Reading (resources for both discussions)
Use your Public Policy: Preferences and Outcomes text to read the following:
• Chapter 4, "Policy Analysis," pages 72-88. (see attachments)
• Chapter 5, "Agenda Setting," pages 93-109. (see attachments)
• Chapter 6, "Policy Formation," pages 110-129. (see attachments)
Haigh, B., & Morris, D. (1990). Implementing public policies in an era of change [PDF]. Public Policy and Administration, 5(2) 3?4.
Horner, C. (2017). Human services: An essential partner in improving health in the United States. Public Health Reports, 132(2), 127?129Unit4Disc1
Identifying a social change problem is the first task in policy development. Agenda setting is the next step. The agenda setting process is to establish one or more problems, and then consider several policy solutions to the identified problem.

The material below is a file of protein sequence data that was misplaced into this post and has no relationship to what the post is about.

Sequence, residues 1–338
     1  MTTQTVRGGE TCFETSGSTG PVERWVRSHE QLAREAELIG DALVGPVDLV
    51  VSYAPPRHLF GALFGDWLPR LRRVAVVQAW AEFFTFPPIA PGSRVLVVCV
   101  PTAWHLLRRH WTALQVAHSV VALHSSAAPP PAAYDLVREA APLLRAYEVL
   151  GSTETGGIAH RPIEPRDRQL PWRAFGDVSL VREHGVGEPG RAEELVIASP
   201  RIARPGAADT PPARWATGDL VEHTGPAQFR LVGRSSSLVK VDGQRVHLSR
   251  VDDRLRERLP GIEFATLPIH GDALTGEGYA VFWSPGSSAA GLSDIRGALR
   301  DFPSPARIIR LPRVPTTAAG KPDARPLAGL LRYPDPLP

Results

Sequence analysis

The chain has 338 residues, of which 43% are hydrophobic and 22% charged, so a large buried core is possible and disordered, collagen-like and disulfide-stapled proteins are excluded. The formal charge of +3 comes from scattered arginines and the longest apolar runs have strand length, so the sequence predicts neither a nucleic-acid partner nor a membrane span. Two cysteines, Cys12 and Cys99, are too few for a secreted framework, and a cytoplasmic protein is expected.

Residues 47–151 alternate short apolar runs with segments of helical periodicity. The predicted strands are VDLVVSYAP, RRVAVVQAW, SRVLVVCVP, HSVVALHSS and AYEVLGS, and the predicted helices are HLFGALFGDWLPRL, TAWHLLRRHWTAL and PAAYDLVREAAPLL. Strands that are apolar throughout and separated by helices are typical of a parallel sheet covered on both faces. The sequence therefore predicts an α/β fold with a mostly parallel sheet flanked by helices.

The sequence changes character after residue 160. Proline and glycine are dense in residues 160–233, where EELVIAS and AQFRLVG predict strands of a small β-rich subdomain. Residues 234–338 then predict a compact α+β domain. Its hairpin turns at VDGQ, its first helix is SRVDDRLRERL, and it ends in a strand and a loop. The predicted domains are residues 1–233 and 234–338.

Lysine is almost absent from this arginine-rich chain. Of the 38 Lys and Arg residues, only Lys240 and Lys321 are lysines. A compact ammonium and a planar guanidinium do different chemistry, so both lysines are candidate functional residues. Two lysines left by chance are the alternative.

Based on your reading of Simon's Public Policy text, Chapter 5, discuss how the process works to transform a social change problem into a proposed policy solution. In particular, emphasize the following:
• Explain how issues are framed.
• Identify who might be the major policy actor, given Simon's Chapter 5 examples (choose one).
• Choose and discuss the policy theory most relevant to the issue framed.
Discussion: How Is Policy Formulated?
How policy is formulated is the focus of this discussion. In particular, from the human services perspective, how would policy be formulated on the specific social change problem in the government example Simon offers in Chapter 6 of Public Policy?
• Briefly describe how policy is formulated in a government situation, knowing that the process is very similar in a for-profit or a non-profit organization.
• Identify the principal actors in the process (consult the Ryser "Elements of a Standard Policy Statement" reading from your Social Policy Toolbox).
• Discuss policy development group theory, as applied to your analysis.
The response should include a reference list. Double-space, using Times New Roman 12 pnt font, one-inch margins, and APA style of writing and citations.